22. Julie Anne says “The problem with this antiquated approach to road safety is pretty obvious”

    But London has done just what you say is antequated – set up a whole system of arterial cycleways on separate paths – and has been praised as being ahead of most of the rest of the world because of it.

    It’s led to many MORE people riding bikes, and LOWER accident rates – and you say cycles on separate paths is antequated?

    It doesn’t matter how much you educate drivers – they will keep running over cyclists ( if they still crash into trains, trucks and other cars because they don’t see them, they’re going to keep running over cyclists and motorcyclists).

  23. Wearing high vis may make an individual safer, but as a group, cyclists would be less safe as cycling numbers would drop, thus reducing the safety in numbers effect. If cycling is to be made safer for everyone, oddly, the best way is to probably do away with the compulsary helmets law.

    If they make high vis compulsary, then having your car headlights on at all times may as well be made compulsary too.

  24. It’s not just the planners who want to keep the traffic moving, its the people, too.

    Check out this roadside placard.

    Anyone who travels Oxford Road at the Rangiora end will be familiar with this.

    However, there is an underlying argument about safety. We the people are clearly content about the current level of risk versus reward of driving. Per mile, and these numbers do wobble about a lot due to the small number of commercial plane crashes, the risk of having a dying in a car accident is about the same as dying in a commercial plane crash. And a lot safer than flying in a Cessna, whose pilots are always crashing them into things.

    Thus there is unlikely to be a populist movement for improving the lot for cyclists.

    What can’t be argued is that moving traffic of different characteristics away from each other does lead to less accidents. Thats one reason why minimum speed limits exist.

  25. Well said Julie. Road engineers want to pretend they’re airport and rail engineers. Big boys toys, and no pedestrians allowed.

    Riding a bus is ten times safer than riding in a car, and trains and planes are even safer. But you’ll never hear the road safety people say that. For them it’s just cars, cars, cars.

  26. Sadly, this is an argument I’ve seen others make too – that people should essentially not ride bikes on roads. I have put submissions in for years to the local (rural) council about making it safer for cyclists, but they have never responded in any constructive way. We had to stop our morning ride down the road because it was simply too dangerous with no verge at all in places, including some blind corners and traffic behaving as though we were not there.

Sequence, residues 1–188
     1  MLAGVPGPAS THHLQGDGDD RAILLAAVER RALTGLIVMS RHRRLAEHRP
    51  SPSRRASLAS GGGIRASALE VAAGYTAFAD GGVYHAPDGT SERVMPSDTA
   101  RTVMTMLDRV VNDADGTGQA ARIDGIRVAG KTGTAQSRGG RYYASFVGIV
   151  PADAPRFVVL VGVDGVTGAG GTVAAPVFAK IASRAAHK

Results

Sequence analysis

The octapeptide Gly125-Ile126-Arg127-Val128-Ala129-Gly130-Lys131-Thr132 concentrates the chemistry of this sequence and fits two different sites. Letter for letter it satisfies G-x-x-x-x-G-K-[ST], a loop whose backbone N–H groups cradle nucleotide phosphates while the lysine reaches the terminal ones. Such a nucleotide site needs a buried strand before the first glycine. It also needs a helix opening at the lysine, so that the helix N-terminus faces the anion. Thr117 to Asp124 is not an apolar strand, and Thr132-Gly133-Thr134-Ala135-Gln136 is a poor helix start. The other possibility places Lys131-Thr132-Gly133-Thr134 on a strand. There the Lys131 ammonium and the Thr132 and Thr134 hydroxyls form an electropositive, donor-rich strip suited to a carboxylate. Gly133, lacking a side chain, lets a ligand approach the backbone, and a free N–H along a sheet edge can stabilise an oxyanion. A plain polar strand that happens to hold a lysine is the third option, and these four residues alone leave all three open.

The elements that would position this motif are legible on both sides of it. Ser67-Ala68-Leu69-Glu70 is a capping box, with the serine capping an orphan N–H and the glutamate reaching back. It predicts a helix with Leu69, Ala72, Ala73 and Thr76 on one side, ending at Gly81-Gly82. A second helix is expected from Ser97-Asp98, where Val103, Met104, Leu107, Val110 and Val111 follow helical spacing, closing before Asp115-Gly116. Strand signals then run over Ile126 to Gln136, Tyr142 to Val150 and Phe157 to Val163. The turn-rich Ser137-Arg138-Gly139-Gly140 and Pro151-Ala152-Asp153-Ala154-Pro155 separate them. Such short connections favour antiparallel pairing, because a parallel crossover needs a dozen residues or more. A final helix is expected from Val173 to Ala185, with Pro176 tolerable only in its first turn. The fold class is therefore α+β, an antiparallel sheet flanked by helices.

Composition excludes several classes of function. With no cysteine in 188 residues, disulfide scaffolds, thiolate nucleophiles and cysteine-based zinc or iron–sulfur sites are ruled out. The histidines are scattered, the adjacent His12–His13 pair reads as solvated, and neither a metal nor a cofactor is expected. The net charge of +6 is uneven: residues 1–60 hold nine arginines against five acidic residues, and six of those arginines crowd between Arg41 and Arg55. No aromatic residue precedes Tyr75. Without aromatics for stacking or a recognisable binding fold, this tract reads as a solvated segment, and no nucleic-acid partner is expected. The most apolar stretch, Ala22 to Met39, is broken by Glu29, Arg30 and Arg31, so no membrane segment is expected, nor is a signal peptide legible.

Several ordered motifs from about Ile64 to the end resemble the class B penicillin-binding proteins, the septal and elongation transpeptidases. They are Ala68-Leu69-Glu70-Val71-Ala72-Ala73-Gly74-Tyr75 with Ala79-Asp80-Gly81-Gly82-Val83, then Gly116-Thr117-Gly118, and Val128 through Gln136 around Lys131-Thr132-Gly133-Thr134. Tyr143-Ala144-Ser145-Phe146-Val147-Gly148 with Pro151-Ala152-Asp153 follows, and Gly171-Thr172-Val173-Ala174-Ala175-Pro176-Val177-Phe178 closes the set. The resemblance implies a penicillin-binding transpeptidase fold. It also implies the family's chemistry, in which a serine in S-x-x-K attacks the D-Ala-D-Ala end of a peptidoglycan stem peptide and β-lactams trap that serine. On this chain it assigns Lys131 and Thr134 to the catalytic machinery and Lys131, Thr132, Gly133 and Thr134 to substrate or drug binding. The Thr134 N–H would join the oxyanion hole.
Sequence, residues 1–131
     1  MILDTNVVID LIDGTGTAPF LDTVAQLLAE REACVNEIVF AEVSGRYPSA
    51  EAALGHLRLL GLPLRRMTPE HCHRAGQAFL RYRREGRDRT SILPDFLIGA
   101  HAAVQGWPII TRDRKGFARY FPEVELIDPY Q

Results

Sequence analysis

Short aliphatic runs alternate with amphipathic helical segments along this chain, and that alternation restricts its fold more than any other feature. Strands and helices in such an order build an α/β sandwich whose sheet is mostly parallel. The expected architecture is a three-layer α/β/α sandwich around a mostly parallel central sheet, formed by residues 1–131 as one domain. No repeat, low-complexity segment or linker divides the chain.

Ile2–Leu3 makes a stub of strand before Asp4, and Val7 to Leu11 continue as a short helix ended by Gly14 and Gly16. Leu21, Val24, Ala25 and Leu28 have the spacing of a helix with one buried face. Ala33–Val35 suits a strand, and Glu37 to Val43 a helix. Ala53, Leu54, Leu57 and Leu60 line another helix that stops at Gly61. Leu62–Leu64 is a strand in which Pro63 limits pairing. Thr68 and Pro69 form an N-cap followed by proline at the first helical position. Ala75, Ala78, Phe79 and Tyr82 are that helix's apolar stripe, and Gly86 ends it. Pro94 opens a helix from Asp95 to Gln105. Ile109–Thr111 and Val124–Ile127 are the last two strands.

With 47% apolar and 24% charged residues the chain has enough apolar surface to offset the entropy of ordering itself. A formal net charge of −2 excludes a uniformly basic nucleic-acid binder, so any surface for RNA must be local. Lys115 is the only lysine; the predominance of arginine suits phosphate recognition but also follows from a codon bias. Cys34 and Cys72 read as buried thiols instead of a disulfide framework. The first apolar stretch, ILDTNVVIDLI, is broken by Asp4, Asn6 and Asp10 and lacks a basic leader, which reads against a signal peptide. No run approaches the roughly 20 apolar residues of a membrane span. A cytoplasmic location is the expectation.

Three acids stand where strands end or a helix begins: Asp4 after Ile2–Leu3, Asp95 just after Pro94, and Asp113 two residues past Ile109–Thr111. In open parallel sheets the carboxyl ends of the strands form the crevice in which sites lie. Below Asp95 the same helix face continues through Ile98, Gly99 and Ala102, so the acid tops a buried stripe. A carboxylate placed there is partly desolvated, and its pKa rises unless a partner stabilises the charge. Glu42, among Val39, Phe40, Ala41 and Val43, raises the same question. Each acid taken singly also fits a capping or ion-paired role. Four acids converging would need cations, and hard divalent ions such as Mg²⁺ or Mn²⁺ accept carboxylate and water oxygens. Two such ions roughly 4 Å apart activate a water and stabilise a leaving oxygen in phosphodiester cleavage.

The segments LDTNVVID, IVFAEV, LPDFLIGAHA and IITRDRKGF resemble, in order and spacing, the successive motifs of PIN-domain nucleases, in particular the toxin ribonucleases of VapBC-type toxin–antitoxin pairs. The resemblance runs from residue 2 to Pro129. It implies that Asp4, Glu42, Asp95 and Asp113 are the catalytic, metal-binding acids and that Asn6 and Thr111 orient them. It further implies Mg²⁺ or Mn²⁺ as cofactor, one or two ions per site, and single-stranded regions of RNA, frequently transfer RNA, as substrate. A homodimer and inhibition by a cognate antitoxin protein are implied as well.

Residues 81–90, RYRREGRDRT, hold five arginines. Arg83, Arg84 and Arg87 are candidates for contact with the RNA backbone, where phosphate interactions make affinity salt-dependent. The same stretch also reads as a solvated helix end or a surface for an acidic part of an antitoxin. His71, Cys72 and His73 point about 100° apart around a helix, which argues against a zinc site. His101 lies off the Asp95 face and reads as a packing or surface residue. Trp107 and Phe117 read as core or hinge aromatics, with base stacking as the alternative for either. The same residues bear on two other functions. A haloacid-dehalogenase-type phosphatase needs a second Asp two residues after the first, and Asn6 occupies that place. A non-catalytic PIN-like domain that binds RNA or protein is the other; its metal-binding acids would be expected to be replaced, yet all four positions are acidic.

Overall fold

27. I’m not familiar with Coroner Matenga’s background and I’ve not followed the specifics of this case, but I think there’s generally an issue with the coronial inquest system where coroners aren’t specialists in what they’re investigating.

    For some time I’ve had an interest in back-country safety and accidents, which is also an area that coroners tend not to have much direct experience. Some inquests have come to conclusions which, to me and others I’ve spoken with, seemed misleading or just wrong. The Bennington/Jackson inquest, which was high profile when it occurred a couple of years ago, was one of these. In my eyes its conclusion focused on small and often irrelevant details, and didn’t clearly address some of the more fundamental factors. When I asked around, even where there was agreement it was sometimes excused as just being because the coroner wasn’t much of an expert in the domain. If that’s a valid excuse for a coronial conclusion then it causes me to wonder why we’d bother having an inquest in the first place.

    Now I wonder if coroners out of their comfort zone always have the most appropriate witnesses, or ask the most relevant questions of them. I’ve seen Constable Brian Hensley state that he’s seen cyclists do stupid things, but what I can’t see is if he was led into it, or if he said 10 times as much about drivers doing stupid things, or if most other police who deal with traffic issues share his thoughts.

    As well as I can tell, there isn’t much of a system to provide peer review conclusions reached by inquests, aside from the ability to ignore them, but that seems totally wrong.

  28. Great post Julie Anne. Personally I would like to see compulsary helments dumped even though I went to school with the boy whose mother started to helmet campaign after he had an accident. Especially liked the Confessions of a Recovering Engineer.